First, three key eyewitnesses turned hostile;second, while the prosecution maintained that two bullets found at the murder site were fired from a single weapon, the state’s forensic agency said the bullets were fired from different weapons; and finally, the murder weapon was never recovered.

The case is a telling comment on investigating skills of the police. By depending heavily on eyewitness accounts, the police failed to marshal other forensic evidence to back their case.

The mismatch between police claims and forensic evidence points to sheer inefficiency or tampering of evidence, both of which are serious lapses.

Another reason for failure to prosecute is the inordinate delay between the crime and delivery of justice. The verdict in Jessica Lal’s case took nearly seven years.

The long gap means there is that much more scope to mess around with evidence and to exert pressure on eyewitnesses. The Jessica Lal case is an abortion of justice. If steps are not taken to remedy this situation, the nation’s police and courts will have little credibility.

Even without considering Jessica Lal’s murder case, do the “nation’s police and courts” have any credibility at all? Indira Jaising, “a distinguished Supreme Court lawyer”, frankly admits to the Indian legal system lacking credibility when she writes the following in guest column:

This was not a hit and run case, or a case where the killers were anonymous or unknown. This was not a riot situation where murders are committed by faceless people. This was murder at close range, in a crowded restaurant, where everyone knew everyone else.

One of the main problems of criminal trials — that is proving the identity of the accused — could not have been an issue at all. Indeed the accused were from among the rich and powerful elite of the country. And that is where the problems of the legal system begin.

A Supreme Court lawyer admits that “the rich and the powerful elite of the country” are a problem to the legal system! The rest of Indira Jaising’s column is equally damning of the police and the courts:

The acquittal illustrates all that ails the criminal justice system, not only for Jessica Lal but for many others. There can be no doubt that the police did not do a proper investigation. Not to recover the murder weapon is asking for trouble. Then, the forensic report does not support the theory that only one weapon was used.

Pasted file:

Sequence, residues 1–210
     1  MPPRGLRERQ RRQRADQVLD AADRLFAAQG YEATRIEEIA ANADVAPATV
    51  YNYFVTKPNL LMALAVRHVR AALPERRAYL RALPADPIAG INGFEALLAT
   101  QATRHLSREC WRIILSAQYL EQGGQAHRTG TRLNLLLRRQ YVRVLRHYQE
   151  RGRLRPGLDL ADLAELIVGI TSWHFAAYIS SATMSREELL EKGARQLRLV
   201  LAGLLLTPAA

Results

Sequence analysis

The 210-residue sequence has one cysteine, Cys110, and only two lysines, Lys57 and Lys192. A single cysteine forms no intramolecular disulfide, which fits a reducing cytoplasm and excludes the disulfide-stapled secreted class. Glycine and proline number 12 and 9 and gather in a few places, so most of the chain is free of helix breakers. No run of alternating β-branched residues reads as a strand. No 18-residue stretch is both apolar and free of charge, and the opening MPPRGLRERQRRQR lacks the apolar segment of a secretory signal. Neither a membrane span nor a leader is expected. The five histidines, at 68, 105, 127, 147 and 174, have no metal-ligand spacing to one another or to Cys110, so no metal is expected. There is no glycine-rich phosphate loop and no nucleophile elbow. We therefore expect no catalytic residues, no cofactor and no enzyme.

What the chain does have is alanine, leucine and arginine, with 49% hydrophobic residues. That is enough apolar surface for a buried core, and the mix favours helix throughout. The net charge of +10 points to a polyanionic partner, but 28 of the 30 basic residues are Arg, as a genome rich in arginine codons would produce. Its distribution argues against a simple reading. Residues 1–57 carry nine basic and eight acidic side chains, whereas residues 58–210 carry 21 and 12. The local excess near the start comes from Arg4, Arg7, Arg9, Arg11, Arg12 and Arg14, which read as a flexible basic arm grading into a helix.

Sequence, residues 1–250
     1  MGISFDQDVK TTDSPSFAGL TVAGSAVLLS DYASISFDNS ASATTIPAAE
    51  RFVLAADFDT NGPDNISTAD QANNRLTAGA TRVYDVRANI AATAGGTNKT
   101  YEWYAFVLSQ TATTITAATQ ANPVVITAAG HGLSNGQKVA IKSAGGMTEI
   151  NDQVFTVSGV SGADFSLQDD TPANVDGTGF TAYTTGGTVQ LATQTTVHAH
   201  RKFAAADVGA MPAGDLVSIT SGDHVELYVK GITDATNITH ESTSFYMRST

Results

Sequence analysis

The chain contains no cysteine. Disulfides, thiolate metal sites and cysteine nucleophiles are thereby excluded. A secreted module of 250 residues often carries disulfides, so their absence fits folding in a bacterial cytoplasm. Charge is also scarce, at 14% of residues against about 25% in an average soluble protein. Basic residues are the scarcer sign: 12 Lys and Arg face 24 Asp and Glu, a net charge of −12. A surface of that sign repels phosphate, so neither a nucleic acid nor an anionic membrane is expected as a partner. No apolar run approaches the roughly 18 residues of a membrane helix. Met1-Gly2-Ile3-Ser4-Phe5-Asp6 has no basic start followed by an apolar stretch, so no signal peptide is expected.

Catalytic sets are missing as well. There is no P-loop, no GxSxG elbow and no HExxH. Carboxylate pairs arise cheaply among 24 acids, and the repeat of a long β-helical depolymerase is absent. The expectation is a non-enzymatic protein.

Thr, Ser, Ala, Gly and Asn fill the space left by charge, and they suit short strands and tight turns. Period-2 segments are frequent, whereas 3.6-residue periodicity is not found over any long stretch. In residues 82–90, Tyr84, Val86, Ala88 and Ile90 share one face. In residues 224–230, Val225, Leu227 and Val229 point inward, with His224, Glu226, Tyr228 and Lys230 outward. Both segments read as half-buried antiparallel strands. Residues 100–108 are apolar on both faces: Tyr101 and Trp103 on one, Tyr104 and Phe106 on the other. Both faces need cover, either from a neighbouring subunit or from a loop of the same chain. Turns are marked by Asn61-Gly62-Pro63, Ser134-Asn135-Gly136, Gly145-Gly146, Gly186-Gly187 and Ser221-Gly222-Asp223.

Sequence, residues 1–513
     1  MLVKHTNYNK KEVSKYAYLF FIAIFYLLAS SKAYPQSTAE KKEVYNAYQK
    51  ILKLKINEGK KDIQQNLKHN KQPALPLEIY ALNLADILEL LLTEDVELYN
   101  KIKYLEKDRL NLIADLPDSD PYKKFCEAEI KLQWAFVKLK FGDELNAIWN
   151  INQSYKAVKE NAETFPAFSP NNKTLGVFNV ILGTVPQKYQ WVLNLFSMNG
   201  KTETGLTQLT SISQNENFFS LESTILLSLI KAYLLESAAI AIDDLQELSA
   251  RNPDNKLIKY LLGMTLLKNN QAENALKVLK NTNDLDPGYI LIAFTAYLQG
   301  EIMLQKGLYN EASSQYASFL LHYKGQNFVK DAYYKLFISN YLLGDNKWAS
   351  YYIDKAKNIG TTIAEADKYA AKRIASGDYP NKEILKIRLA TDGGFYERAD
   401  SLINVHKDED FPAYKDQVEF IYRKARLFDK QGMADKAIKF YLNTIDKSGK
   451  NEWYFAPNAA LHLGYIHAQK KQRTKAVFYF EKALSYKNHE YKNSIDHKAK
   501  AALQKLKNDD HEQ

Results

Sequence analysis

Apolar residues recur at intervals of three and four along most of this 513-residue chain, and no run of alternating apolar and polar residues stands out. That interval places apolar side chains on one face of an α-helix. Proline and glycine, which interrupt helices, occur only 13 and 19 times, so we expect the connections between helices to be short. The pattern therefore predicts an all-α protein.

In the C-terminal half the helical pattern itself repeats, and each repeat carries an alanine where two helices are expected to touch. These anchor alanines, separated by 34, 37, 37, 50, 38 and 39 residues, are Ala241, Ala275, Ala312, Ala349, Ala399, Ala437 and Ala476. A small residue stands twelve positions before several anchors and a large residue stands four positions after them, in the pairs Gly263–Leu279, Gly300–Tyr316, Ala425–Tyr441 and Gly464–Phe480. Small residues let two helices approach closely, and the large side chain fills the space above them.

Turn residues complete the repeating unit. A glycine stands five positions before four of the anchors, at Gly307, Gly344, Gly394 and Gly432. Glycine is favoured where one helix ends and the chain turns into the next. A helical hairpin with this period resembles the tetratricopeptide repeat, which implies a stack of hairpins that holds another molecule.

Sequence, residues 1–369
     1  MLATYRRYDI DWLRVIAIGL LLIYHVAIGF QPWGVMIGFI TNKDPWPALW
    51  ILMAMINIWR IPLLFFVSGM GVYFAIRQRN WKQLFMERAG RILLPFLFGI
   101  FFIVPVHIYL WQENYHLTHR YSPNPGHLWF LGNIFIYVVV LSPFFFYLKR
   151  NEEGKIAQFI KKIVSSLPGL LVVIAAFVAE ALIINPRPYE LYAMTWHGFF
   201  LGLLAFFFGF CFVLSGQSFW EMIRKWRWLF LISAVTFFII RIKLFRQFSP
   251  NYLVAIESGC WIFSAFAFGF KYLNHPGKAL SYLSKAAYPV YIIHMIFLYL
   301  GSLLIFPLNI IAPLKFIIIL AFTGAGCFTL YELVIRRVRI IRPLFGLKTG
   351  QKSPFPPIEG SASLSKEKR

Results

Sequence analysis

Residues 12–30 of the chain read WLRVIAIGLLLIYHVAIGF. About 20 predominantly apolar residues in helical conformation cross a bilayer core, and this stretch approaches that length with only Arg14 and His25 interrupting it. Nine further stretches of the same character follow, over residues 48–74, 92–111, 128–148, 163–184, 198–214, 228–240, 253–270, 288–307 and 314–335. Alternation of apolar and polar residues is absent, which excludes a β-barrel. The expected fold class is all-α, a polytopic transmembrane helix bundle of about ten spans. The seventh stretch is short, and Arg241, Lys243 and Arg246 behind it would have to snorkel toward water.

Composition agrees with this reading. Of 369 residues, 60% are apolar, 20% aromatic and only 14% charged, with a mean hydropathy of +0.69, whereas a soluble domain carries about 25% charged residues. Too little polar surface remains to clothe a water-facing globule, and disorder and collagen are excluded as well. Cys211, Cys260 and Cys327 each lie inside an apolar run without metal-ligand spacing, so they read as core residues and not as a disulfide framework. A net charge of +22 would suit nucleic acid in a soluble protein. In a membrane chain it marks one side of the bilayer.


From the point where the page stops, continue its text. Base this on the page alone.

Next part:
Our institutions have such low credibility that it is difficult to come to any conclusion if the reports are manipulated.

If they were not manipulated, and if indeed the shots were fired from two different weapons, then that is a huge failure of investigation for which the police must take full responsibility.

But let us look at the more devastating aspects of the case — witnesses turning hostile. This is now the preferred method of seeking acquittals for the rich and the powerful. Turning hostile, basically means buying silence. Silence can be bought for many reasons, for a price, or for fear of reprisals.

When the accused are powerful, it could be a combination of both.

But the question still remains — was there no other outcome possible? What ails the legal system, when times without number, it comes up with acquittals, especially when the accused are powerful?

Strangely enough, Jessica Lal’s sister hit the nail on the head when she said that there is too much reliance on eyewitness evidence in our system and not enough reliance on circumstantial evidence.

Methods of crime investigation have not improved; indeed there is no desire to investigate in a scientific manner. Witnesses will and do turn hostile. But investigations must proceed independently of eyewitnesses to draw conclusions based on a chain of circumstances that led only to one conclusion.

A very major question that begs an answer is why was Manu Sharma (Right Indian: the main person accused of shooting Jessica Lal, son of former Union minister Vinod Sharma) granted bail? This is what enables witnesses to turn hostile, the opportunity provided to the accused to access witnesses.

There is no witness protection programme in the country. A law commission report gathers dust. Petitions files in the Supreme Court over the Gujarat killings asking for witness protection programmes also gather dust. There is a lethargy over the questions, a dangerous lethargy which will cause people to settle their scores outside court.

This is not just an imaginary scenario. It has happened in Nagpur, when women walked into a courtroom and killed a person accused of rape inside the courtroom out of anger, knowing that he would be let off, yet again, by the police and the courts.

Street justice seems to be the swiftest and most effective method. Imagine what you would do if you were Jessica Lal’s parent, sibling, lover or friend, and you had to see her killer and those who protected him walk away, just because they are rich and powerful!

51-Crore-Rupee Business & the Hindu time bomb

February 23, 2006

Contract killing is now a Rs 51 crores per deal public business in India! Two such contracts have been publicly announced just this month!

The Indian Express reports that a minister from the Uttar Pradesh state has announced Rs 51-crore reward for Danish cartoonist’s head:

The Minister for Minority Welfare and Haj in the Mulayam Singh Yadav government, Haji Yaqoob Qureishi, has announced a cash reward of Rs 51 crore for anyone who beheads the Danish cartoonist who caricatured Prophet Mohammad.